MI Complications

Posted by • December 31st, 2010

In this week’s Case Record of the Massachusetts General Hospital, A 68-Year-Old Woman with Chest Pain during an Airplane Flight Case, a woman with a history of hypertension and hyperlipidemia was admitted to the hospital because of substernal chest pain.

Rupture of the free wall of the left ventricle occurs in 1 to 4% of cases of acute myocardial infarction. It commonly presents as acute or recurrent chest pain followed by electromechanical dissociation.

Clinical Pearls

What are the risk factors for developing a mechanical complication after myocardial infarction?

Risk factors for mechanical complications after myocardial infarction include a first myocardial infarction without a history of angina, female sex, advanced age, hypertension, delayed recognition of myocardial infarction, and prolonged physical activity during myocardial infarction.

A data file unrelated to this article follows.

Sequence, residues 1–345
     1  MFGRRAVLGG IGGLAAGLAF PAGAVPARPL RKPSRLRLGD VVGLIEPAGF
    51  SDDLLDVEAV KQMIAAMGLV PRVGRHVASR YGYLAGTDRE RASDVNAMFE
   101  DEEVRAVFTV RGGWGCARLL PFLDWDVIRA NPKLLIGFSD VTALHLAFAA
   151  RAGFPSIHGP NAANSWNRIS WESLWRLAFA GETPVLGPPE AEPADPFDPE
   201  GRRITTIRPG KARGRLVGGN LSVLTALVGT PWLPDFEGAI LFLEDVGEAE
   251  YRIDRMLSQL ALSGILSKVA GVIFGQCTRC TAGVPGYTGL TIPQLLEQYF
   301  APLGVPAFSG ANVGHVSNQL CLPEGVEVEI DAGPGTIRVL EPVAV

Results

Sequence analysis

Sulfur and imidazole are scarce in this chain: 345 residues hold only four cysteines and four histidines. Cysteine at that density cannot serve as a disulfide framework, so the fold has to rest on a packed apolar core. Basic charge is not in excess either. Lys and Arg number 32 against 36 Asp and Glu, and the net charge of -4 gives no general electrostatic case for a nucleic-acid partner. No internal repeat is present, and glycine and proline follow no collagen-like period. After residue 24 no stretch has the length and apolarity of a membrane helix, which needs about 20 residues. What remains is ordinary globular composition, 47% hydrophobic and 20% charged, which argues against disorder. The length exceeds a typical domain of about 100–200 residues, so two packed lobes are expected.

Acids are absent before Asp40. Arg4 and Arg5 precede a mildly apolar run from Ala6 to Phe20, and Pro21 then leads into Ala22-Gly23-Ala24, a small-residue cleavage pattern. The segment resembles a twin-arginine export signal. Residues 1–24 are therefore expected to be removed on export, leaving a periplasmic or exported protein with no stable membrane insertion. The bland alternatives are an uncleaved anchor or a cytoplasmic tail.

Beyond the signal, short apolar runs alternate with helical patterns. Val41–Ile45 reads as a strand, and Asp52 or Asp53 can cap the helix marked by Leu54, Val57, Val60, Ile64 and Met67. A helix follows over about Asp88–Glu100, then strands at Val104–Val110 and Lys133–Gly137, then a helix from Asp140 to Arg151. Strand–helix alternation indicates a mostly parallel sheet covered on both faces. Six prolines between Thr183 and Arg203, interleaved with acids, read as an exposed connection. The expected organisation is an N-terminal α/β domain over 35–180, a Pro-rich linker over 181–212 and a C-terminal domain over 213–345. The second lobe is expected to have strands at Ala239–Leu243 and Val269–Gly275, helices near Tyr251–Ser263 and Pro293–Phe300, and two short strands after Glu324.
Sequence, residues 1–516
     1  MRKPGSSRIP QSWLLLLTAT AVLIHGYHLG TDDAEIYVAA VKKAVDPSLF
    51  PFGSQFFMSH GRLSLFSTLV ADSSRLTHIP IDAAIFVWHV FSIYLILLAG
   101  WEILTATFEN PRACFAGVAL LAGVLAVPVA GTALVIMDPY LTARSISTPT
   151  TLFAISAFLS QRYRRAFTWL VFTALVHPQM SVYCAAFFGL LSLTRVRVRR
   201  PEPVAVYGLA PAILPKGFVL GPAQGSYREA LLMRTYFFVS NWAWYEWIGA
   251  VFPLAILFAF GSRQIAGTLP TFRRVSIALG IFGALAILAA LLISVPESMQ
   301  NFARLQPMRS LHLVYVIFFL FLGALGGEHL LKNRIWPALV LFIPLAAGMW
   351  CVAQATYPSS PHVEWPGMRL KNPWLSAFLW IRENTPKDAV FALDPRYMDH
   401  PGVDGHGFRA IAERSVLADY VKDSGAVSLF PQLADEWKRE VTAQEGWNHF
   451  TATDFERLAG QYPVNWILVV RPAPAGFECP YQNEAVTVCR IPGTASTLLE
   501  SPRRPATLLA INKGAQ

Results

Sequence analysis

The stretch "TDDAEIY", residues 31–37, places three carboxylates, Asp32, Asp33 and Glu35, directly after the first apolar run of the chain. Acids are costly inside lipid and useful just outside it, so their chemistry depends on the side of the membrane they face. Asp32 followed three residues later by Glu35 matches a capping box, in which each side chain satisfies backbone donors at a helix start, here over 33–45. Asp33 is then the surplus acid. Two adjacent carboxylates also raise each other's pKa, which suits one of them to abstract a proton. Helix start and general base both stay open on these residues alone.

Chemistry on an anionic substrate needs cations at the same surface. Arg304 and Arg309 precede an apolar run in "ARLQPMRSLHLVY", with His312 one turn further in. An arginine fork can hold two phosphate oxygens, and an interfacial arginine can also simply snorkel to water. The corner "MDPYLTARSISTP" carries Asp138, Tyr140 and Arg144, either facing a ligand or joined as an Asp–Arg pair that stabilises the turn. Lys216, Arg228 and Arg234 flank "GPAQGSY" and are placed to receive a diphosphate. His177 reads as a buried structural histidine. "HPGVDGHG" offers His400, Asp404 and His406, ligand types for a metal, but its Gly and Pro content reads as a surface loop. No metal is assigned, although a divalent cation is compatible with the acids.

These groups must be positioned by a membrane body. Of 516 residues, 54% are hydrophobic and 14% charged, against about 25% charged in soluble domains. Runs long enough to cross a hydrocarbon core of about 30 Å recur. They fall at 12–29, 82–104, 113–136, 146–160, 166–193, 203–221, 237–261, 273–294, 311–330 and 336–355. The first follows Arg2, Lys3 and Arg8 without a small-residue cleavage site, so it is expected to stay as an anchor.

What mechanical complications after myocardial infarction are most common?

Rupture of a papillary muscle, leading to acute severe mitral regurgitation, was the most common mechanical complication in studies of cardiogenic shock. Other mechanical complications include myocardial perforation, pseudoaneurysm, rupture of the ventricular septum, and rupture of the free wall of the ventricle.

Table 2. Cardiac Causes of Shock after Myocardial Infarction.

Morning Report Questions

Q: How does rupture of the left ventricular free wall present?

A: Examination may reveal jugular venous distention, hypotension, pulsus paradoxus, and reduced intensity of heart sounds. When blood first enters the pericardial space, there may be a brief period of increased vagal tone, with  bradycardia, diaphoresis, and nausea.

Q: How should rupture of the free wall of the left ventricle be managed?

A: The best treatment is immediate surgery, although the prognosis remains poor, since it is challenging to get such critically ill patients to the operating room in time. Pericardiocentesis rarely leads to stabilization of a patient and, if performed, will show that the fluid is blood. If the pericardiocentesis relieves the tamponade, the relief will usually be transient, since the hypotension and tamponade will usually resume as blood continues to enter the pericardial space from the left ventricle.

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